To make your ED visit as seamless as possible, here are answers to some frequently asked questions regarding treatment at the David B Kriser Department of Emergency Medicine at Mount Sinai Beth Israel.

When should I go to the emergency department?

Don’t second-guess your instincts. If you feel you are in danger, and something just isn’t right, come to the Emergency Department. Examples of some of the symptoms that could trigger an ED visit include: difficulty breathing or speaking; chest or upper abdominal pain or pressure; fainting; sudden dizziness or weakness; changes in vision; confusion; sudden or severe pain; uncontrolled bleeding; severe or persistent vomiting or diarrhea; coughing or vomiting blood; suicidal feelings.

If time permits, what should I bring with me to the Emergency Department?

Before there is an actual emergency, it’s always a good idea to create a list that includes:

  • The medications you take (and the dosage amount)
  • Names and phone numbers for your doctors
  • A listing of your medical conditions and allergies
  • Health insurance information (including company name, policy number and contact information, etc.)

Be sure to keep the list up-to-date as your information changes, and bring it with you to the Emergency Department. If you don’t have your medications listed in advance, put all your medication bottles (prescriptions and over-the-counter) in a bag to show the ED nurse or doctor. It is also helpful to bring a friend or relative with you.

What can I expect during my visit to the Emergency Department?

When you arrive at the ED, you will undergo a brief registration process at the front desk. Soon after, you will be evaluated by a registered nurse who will take your vital signs and conduct a preliminary health assessment (the triage process). After you are assessed, you will be assigned to a specific treatment area. Once in the treatment area, you will be seen a team of health professionals who will work together on your care--including a nurse, patient care associate, physicians and/or physician assistant. These providers will ask you questions, perform examinations, order necessary tests and provide you with treatment and information.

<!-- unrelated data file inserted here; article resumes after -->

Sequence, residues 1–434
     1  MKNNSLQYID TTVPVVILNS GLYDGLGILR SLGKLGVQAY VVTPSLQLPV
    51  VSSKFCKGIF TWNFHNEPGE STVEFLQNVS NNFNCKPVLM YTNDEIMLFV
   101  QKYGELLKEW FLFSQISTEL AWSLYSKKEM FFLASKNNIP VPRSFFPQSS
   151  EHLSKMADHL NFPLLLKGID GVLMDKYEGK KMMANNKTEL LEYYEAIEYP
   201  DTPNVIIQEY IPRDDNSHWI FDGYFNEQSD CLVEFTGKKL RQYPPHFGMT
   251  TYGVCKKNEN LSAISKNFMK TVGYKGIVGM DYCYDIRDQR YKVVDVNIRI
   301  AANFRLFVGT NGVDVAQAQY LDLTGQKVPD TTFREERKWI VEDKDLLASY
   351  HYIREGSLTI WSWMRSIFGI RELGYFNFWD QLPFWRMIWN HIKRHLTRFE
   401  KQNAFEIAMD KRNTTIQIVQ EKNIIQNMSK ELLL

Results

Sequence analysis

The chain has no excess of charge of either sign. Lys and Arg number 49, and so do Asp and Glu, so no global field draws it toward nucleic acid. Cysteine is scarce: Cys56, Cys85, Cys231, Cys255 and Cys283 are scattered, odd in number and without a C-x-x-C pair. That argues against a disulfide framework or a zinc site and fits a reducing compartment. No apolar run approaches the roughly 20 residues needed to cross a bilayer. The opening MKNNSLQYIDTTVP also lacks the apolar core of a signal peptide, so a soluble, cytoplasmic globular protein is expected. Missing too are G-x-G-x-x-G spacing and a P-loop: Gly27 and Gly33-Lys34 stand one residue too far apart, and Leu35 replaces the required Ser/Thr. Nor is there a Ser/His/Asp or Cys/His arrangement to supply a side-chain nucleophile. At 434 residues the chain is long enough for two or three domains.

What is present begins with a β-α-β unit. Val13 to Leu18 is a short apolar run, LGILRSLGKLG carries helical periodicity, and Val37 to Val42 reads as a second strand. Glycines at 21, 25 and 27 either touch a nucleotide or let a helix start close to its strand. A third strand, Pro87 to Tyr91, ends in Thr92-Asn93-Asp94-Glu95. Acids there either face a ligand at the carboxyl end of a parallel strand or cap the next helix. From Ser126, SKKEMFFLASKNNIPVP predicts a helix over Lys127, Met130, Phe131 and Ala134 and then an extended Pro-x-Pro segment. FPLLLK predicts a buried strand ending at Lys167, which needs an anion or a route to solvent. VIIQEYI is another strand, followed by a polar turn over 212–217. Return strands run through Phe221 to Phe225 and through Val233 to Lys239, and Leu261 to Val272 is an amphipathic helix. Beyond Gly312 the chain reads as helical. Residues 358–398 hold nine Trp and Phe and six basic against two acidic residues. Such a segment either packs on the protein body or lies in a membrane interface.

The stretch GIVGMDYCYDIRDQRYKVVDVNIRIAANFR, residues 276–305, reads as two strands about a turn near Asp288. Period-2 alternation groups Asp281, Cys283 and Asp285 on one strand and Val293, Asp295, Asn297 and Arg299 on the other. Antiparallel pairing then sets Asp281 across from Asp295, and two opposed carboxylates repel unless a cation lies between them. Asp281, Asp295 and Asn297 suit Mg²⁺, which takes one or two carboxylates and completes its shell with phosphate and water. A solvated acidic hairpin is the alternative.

How long will my Emergency Department visit take?

The recent renovations and improvements made to the ED were designed to improve the patient experience and shorten visits. Nevertheless, depending upon the nature of your case, a variety of tests may be necessary to diagnose/understand your health problem. We have your best interest in mind, and appreciate your patience while we work through the diagnosis and treatment process.

Who is in charge of my care when I am in the ED?

Some tests can be ordered by your triage of primary nurse, but an ED doctor is responsible for your care. Many patients are treated by a nurse practitioner or a physician assistant, and in teaching hospitals, patients may initially be seen by a resident. If you are not sure who is directing your care, ask to speak with the ED attending physician.

Can I have visitors with me?

Most EDs welcome visitors – having a friend or family member usually improves our understanding of your illness, and helps to ensure that our advice is well understood. When the EDs are crowded, we may ask family members to stay in the waiting room, so that we may provide space, care and privacy for all patients.

Is my private doctor notified about my ED visit?

During your time in the Emergency Department, your ED provider is in charge of your care. However, he/she will consult with your primary care physician (if available) on your care to ensure the best possible treatment.

Can I come to Mount Sinai Beth Israel from anywhere?

In the case of an acute emergency, you should go to the hospital/emergency department closest to you. If it’s easy for you to quickly reach us by foot, car, taxi or public transportation, consider coming to Mount Sinai Beth Israel’s Emergency Department. Get directions here.

What happens at the end of my Emergency Department visit?

If you are being admitted to the hospital, you may have to wait in the ED for an “in-patient” bed to become available. Your ED medical team will continue to monitor and work with you until you move to the “in-patient” floor. If you are being discharged, you will receive a written record of your visit, along with detailed discharge instructions that outline any take-home prescriptions you may receive, along with instructions for follow-up care. Be sure to review the document thoroughly before you leave the ED, to ensure you understand fully.

Contact Us

The David B. Kriser Department of Emergency Medicine at Mount Sinai Beth Israel

First Avenue at 16th Street
New York, NY 10003